Sadly no. Thomas Madden is a respected historian and this is an important book. I have enjoyed many of his lectures given, of course, in his own voice. This book is all but ruined by the narrator. I'm at a loss to understand how anyone let him have the job! His cadence is slow and plodding, and he does not seem to understand what he's reading enough to give it proper inflection.This book should read like the exciting adventure story that it is. Instead I find my mind wondering off pretty frequently while trying to listen. Particularly grating is his pronunciation of any and all foreign (non-English) names. He butchers the French names in particular and his attempts at German are so bad - they sound like something out of a Porky Pig cartoon. Not kidding.Each time he stumbled over a name it was a distraction from the narrative. I have a degree in History and love listening to history books, but I am having a hard time getting through this one. Professor Madden ought to demand a do-over.
Never, ever, ever.
Audible - two words for you: Quality Control.
No. The content is excellent but the narrator is so annoying I couldn't recommend it.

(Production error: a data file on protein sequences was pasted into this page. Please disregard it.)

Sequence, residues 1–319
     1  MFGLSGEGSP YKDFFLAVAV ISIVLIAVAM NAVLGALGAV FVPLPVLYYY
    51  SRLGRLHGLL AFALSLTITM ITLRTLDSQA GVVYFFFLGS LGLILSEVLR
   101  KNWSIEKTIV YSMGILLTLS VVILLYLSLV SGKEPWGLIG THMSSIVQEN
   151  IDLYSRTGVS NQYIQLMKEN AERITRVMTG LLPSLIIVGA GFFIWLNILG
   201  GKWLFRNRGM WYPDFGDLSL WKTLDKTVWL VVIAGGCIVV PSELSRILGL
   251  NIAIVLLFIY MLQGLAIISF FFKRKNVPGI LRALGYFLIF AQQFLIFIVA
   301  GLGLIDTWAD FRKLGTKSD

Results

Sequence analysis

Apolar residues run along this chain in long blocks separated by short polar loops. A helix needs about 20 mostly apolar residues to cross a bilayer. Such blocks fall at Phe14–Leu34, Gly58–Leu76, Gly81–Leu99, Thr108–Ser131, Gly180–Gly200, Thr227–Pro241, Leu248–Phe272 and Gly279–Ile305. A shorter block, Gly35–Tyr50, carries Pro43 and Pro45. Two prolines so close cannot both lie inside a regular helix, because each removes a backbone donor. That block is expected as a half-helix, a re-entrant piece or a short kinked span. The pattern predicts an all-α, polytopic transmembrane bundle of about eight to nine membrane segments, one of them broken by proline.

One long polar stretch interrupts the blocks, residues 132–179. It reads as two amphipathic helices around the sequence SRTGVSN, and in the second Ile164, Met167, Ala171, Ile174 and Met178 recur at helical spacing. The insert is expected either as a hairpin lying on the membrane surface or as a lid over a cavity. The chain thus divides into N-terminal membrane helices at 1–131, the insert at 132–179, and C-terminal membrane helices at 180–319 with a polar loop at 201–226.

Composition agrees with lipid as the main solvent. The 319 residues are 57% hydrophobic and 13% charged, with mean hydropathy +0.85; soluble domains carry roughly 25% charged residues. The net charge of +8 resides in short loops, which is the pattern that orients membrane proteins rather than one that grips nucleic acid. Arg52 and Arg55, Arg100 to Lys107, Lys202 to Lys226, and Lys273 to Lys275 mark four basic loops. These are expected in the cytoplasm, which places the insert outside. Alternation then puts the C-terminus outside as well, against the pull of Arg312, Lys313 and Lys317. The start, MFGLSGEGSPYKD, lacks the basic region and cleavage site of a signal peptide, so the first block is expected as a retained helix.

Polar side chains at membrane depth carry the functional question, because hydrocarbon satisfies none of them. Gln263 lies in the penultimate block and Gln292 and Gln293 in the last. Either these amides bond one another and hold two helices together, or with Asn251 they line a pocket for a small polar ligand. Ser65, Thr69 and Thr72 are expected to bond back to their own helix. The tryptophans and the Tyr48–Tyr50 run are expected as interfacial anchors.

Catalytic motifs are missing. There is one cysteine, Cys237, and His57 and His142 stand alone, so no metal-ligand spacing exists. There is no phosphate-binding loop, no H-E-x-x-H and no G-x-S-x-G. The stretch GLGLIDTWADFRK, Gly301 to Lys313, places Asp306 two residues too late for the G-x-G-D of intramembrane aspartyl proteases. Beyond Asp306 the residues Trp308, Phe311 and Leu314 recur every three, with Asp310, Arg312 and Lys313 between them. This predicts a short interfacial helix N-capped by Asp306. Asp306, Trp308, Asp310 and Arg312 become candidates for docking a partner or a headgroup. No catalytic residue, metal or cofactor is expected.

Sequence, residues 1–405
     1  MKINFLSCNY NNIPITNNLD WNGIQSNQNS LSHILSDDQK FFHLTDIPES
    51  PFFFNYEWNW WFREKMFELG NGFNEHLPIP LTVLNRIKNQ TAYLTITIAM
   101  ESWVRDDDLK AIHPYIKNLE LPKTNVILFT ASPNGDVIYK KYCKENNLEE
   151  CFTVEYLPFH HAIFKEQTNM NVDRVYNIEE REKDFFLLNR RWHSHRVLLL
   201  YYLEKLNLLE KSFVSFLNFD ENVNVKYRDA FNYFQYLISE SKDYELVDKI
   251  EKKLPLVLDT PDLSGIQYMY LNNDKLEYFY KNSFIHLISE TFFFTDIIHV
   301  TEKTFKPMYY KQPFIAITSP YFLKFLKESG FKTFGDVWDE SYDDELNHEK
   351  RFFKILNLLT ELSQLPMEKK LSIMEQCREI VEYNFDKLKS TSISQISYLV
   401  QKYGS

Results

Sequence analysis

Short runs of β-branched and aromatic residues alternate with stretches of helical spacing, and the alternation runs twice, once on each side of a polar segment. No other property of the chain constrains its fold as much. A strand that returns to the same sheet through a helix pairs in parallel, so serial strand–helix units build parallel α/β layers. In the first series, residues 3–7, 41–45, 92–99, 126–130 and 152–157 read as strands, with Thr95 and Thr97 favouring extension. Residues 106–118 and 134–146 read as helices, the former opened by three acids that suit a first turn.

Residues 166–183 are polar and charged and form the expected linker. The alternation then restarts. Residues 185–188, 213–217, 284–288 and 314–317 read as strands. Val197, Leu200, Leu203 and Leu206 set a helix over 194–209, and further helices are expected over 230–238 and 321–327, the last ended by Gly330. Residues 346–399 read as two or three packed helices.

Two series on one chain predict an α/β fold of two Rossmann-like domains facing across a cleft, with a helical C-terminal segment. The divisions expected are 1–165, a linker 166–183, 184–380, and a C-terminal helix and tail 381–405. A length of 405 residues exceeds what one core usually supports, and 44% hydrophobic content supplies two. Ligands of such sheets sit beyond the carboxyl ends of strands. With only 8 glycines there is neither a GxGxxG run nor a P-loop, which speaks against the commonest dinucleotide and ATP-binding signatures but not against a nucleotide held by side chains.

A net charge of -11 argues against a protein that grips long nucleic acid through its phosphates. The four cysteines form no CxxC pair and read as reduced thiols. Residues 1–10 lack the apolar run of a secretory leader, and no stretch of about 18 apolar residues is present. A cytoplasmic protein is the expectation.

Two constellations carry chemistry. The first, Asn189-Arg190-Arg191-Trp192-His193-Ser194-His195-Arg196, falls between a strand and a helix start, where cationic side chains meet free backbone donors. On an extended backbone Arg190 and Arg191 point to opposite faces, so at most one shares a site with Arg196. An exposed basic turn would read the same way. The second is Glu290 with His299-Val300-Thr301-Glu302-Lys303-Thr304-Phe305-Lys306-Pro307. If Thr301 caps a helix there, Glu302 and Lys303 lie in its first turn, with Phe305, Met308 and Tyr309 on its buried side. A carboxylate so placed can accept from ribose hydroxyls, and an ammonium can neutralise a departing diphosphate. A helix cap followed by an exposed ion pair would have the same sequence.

If the narrator would stick to English. He apparently thinks that it helps for him to attempt to pronounce many, but not all, words of non-English origin in some kind of simulacrum of their original sound. This is mostly true of personal and place names. It is deeply deeply deeply annoying. It does less than zero for the narrative flow and comes across as amateurish posturing. I almost returned the book because of it. Awful.
No. It's a history book.
Madden's work is very good. His book on Venice was outstanding. And he is the rare historian without a viciously self-hating bias against the West. Too bad his work was stuck with this crazy-making narration.
This book had all the information I was looking for and it was very useful for understanding . In history which I did not know much about